Some surprising discoveries have been made about being optimistic.
Let’s first consider exactly what an optimist is.
An optimist is someone who plans to get more done than time permits.
It is also someone who, having failed to achieve the impossible, is sure everything will somehow get done anyway.
According to the Mayo Clinic, “Optimism is the belief that good things will happen to you and that negative events are temporary setbacks to be overcome.”
In a study at the Mayo Clinic, adults shown to be pessimists based on psychological tests had 19 percent higher death rates over a 30-year period than those who were shown optimistic.
No doubt, the optimists were healthier because they were more inclined to take good care of themselves.
And although there are clearly forces in this country and the world that could subdue even the most ardent optimist, being optimistic is a choice we can make throughout the day.
An optimist can also be a realist. Optimists do not fret over things they can do nothing about; including economic injustice, or our repeated failure to learn from history
Optimists have discovered that life is a lot more pleasant when one chooses to see the glass as half full.
But it goes farther than just being positive
Murphy’s Law — “Anything that can go wrong will go wrong” — is the antithesis of optimism. In a book called “Breaking Murphy’s Law,” Suzanne C. Segerstrom, a professor of psychology at the University of Kentucky, explained that optimism is not about being positive so much as it is about being motivated and persistent.
Dr. Segerstrom and other researchers have found that rather than giving up and walking away from difficult situations, optimists attack problems head-on. They plan a course of action, getting advice from others and staying focused on solutions.
Research has indicated that a propensity toward optimism is strongly influenced by genes, most likely ones that govern neurotransmitters in the brain. Still, the way someone is raised undoubtedly plays a role, too. Parents who bolster children’s self-esteem by avoiding criticism and praising accomplishments, however meager, can encourage in them a lifelong can-do attitude.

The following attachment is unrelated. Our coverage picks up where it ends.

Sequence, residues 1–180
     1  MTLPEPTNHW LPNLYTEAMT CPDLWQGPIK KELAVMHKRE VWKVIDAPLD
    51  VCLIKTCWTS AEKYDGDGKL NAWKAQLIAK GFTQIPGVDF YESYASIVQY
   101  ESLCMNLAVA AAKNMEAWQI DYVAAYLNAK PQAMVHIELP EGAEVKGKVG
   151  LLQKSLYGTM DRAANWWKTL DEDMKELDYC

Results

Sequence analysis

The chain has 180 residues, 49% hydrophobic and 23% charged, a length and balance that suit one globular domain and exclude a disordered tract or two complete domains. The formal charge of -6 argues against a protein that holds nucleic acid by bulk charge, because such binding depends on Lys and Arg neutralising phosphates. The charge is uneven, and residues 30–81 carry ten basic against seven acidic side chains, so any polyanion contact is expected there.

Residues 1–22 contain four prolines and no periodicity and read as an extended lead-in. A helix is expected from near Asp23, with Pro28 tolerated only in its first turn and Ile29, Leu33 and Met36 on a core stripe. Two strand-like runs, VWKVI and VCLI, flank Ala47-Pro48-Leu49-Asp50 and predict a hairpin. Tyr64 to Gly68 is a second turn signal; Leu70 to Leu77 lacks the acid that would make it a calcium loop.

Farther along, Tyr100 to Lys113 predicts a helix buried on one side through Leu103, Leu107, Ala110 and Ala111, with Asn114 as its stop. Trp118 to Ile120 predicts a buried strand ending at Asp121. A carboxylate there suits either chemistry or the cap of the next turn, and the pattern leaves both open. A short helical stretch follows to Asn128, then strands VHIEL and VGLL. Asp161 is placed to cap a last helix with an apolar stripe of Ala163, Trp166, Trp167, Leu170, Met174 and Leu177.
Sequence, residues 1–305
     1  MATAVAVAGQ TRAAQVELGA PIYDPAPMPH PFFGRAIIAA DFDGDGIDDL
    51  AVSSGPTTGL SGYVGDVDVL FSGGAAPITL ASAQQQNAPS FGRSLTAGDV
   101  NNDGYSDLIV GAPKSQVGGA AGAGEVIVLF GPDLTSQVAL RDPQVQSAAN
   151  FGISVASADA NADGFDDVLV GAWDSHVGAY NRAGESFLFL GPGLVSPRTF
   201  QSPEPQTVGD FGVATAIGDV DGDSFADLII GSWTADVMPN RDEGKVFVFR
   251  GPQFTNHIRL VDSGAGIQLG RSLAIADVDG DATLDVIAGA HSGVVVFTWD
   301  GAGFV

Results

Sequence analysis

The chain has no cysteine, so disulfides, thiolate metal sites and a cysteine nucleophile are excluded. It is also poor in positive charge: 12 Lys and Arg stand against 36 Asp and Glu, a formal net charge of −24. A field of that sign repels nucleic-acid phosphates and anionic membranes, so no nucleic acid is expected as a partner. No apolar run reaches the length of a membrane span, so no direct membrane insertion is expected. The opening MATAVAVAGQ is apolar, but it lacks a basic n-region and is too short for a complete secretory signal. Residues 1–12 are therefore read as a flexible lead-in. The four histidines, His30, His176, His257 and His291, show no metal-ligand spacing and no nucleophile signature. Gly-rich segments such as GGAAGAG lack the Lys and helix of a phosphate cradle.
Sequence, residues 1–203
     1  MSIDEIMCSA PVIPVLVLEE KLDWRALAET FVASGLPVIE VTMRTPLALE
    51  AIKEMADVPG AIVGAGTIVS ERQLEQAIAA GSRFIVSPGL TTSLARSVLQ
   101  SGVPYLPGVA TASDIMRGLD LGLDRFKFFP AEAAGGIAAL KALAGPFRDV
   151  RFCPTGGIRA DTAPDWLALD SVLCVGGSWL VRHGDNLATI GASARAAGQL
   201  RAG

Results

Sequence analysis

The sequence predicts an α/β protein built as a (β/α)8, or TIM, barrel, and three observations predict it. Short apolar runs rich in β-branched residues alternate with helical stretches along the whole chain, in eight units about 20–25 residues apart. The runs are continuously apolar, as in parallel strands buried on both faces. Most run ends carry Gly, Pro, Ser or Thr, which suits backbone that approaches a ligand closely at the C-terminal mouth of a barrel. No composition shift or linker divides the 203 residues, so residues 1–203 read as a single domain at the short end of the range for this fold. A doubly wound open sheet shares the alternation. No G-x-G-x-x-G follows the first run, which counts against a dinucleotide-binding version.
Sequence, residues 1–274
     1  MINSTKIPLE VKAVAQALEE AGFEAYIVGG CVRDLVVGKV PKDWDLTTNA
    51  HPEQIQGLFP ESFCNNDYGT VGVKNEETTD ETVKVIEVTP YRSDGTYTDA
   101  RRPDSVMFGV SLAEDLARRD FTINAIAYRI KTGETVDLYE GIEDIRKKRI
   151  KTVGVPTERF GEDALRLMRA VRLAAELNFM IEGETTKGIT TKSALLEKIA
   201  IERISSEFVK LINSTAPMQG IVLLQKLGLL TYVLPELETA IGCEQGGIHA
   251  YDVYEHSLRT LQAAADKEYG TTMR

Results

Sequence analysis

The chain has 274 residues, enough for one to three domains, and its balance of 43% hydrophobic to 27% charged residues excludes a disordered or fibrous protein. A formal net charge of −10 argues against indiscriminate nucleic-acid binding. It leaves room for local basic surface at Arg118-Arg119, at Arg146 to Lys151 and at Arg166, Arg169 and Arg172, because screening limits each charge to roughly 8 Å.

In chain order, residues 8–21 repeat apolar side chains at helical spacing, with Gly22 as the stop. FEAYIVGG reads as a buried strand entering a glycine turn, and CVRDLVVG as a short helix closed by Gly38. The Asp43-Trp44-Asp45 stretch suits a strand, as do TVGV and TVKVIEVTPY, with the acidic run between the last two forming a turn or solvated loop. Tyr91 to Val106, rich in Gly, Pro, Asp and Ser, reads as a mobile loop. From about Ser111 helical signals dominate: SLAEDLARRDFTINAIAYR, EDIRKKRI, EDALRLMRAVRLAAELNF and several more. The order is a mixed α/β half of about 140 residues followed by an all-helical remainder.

With the right guidance, many of the attributes of optimism also can be learned by adults, Dr. Segerstrom and other researchers have found.
Noting that it is easier to change behavior than emotions, she eschews the popular saying “Don’t worry, be happy.” Instead, she endorses a form of cognitive behavioral therapy: Act first and the right feelings will follow. As she puts it in her book, “Fake it until you make it.”
She wrote, “People can learn to be more optimistic by acting as if they were more optimistic,” which means “being more engaged with and persistent in the pursuit of goals.”
If you behave more optimistically, you will be likely to keep trying instead of giving up after an initial failure. “You might succeed more than you expected,” she wrote. Even if the additional effort is not successful, it can serve as a positive learning experience, suggesting a different way to approach a similar problem the next time.
Framing your thoughts
It’s important not to neglect the power of positive thinking. Both Dr. Segerstrom and the Mayo researchers recommend taking a few minutes at the end of each day to write down three positive things that happened that day, ending the day on an upbeat note.
The Mayo researchers offered these additional suggestions:
Avoid negative self-talk. Instead of focusing on prospects of failure, dwell on the positive aspects of a situation.
Regardless of the nature of your work, identify some aspect of it that is personally fulfilling. If your job is scrubbing floors, stand back and admire how shiny and clean they look.
Surround yourself with positive, upbeat people. But be aware that if you are chronically negative and always see only the dark side of things, the optimists in your life may eventually give up on you.
Focus on situations that you can control, and forget those you can’t. I would also suggest using voting power, money or communication skills to forward a goal that is beyond your personal control.
Steven Campbell is the author of “Making Your Mind Magnificent.” His seminar “Taming Your Mind, Unleashing Your Life” is now available on line at stevenrcampbell.teachable.com. For more information, call Steven Campbell at 707-480-5507.